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Criminal Justice Magazine
Summer 2001
Volume 16, Issue 2

Criminal Justice Matters

J. Vincent Aprile II

Scripts Are for Actors, Not Witnesses

In an administrative evidentiary hearing before a hearing officer a witness took to the stand what appeared to be a lengthy letter and its envelope, which he resorted to as soon as the lawyer's direct examination moved beyond preliminary, background questions. Intrigued by the witness's apparent reliance on the document, opposing counsel requested leave of the hearing officer to examine the document, which prompted the witness to blurt out that the document merely contained his notes. After opposing counsel perused the letter, he immediately informed the hearing officer that the document was a letter to the witness from one of the lawyers who had called this witness.

Opposing counsel read a portion of the letter aloud, emphasizing the explicit instructions and orders given this witness. The letter told the witness that the lawyer who called him would initially ask the specific question detailed in the letter and the witness should give the specific answer provided in the letter. The entire direct examination was likewise scripted for the witness, with nothing left to the witness's own memory or articulation.
In response to the opposing lawyer's objections and motions, the hearing officer ruled that the witness would not be able to use the letter during the remainder of his testimony. Interestingly, the witness in question was a practicing lawyer who was testifying primarily about actions he took in his role as a lawyer, although not as a lawyer who represented either party to the litigation. The hearing officer did not grant opposing counsel's motion to copy the letter and place it in the record of the hearing.

When a lawyer provides a witness such scripted testimony, what are the pragmatic litigation repercussions when that script is revealed to opposing counsel and the fact-finder? Even without considering the ethical issues inherent in this tactic, its practitioner should appreciate the litigation weapons available to counter this ploy, particularly in criminal cases.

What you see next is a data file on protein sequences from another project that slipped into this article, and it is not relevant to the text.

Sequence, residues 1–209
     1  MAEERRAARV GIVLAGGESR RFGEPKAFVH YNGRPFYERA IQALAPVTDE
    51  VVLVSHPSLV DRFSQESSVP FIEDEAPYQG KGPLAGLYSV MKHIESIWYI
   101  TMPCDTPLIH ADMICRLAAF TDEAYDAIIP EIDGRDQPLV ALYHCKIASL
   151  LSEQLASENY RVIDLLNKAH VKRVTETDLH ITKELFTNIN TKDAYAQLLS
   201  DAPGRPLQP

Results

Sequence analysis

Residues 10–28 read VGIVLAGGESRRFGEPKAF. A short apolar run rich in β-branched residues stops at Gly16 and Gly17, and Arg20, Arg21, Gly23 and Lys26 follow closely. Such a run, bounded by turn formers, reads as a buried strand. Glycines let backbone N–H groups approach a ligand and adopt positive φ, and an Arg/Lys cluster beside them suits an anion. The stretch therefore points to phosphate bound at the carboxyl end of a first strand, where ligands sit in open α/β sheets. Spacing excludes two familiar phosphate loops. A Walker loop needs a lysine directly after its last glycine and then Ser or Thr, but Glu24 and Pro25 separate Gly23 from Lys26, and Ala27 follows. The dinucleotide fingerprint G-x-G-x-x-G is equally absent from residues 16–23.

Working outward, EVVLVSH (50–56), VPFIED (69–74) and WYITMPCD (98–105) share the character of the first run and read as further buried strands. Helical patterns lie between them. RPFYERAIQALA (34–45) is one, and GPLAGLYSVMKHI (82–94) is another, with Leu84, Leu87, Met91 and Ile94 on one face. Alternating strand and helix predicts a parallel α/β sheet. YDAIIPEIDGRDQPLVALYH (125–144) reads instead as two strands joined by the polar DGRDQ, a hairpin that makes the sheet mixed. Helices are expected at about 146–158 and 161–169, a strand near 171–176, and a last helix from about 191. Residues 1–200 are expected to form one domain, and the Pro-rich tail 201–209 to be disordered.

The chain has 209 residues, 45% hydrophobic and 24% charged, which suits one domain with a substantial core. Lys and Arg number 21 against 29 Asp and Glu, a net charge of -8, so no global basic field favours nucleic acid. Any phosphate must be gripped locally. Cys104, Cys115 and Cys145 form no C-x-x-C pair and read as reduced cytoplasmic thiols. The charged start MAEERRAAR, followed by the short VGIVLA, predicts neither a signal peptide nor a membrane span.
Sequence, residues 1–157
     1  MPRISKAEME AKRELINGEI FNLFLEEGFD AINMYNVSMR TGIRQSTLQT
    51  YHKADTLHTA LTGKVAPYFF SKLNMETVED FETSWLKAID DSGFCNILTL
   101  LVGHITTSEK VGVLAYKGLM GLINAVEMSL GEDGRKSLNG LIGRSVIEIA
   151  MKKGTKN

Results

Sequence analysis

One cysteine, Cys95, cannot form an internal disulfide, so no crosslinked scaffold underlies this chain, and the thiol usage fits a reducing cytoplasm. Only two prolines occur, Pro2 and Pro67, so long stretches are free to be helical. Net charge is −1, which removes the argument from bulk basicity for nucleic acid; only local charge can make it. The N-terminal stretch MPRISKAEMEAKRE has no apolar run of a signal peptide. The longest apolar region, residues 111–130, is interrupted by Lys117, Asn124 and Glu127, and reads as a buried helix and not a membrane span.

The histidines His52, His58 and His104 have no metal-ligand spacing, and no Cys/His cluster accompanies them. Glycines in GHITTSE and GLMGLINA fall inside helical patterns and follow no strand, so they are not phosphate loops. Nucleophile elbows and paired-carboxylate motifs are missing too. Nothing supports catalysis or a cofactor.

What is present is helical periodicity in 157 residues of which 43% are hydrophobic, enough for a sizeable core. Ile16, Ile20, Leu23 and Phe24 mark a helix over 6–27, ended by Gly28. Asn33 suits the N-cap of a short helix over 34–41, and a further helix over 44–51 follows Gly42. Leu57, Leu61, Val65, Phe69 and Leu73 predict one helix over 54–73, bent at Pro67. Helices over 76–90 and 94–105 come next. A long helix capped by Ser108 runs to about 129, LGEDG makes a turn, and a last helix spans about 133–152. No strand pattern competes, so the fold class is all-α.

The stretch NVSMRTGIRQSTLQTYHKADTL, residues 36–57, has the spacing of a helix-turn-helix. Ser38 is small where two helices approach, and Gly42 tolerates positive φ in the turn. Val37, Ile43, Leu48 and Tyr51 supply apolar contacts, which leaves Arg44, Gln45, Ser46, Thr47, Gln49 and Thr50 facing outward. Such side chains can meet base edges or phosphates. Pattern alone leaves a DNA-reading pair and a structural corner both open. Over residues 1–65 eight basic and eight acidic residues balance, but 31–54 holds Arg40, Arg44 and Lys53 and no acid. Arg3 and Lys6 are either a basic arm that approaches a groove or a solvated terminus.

First, opposing counsel may cross-examine the witness about the coaching he received from the lawyer who called him and the specific use of the letter (script) itself. Virtually everything in the letter would be fair game for the cross-examiner. (Geders v. United States, 425 U.S. 80, 89-90 (1976).) Opposing counsel would have the right to question the witness to expose the process that resulted in the witness being provided with a question and answer script, informing the witness of not only each of the lawyer's specific questions, but even the official correct answer to each of those questions asked by the lawyer.

Once the witness has related the circumstances of the coaching and the intended use of the script detailed in the letter, opposing counsel could request that the judge inform the witness in full view of the jury of a witness's obligation to testify truthfully and not to be a partisan for either side in the litigation. Such a judicial response would be warranted as corrective action to counter the corruptive effect of opposing counsel's coaching.
Where the witness's explanation of the script reveals that the document was proposed or used as a method of enhancing recall or refreshing memory, the script will appear to most fact-finders as a method of putting words in the witness's mouth, portraying the witness as the dummy and counsel as the ventriloquist.

As a result of skillful cross-examination, opposing counsel could establish a factual basis for either an admonition or instruction to the jury concerning the impact of witness coaching on the witness's credibility. The same factual predicate would empower opposing counsel in closing argument to challenge the believability of the witness's testimony on the basis of the script.

But uncovering such a script in the hands of but one of the opposition's witnesses has an exponential impact as to other witnesses called by the same party. If the cross-examination of the witness in possession of the script reveals improper witness coaching, that information adduced under oath should justify opposing counsel pursuing the question of coaching and scripting with each of the opposition's witnesses, without regard to whether any of them have brought such a script to the witness stand.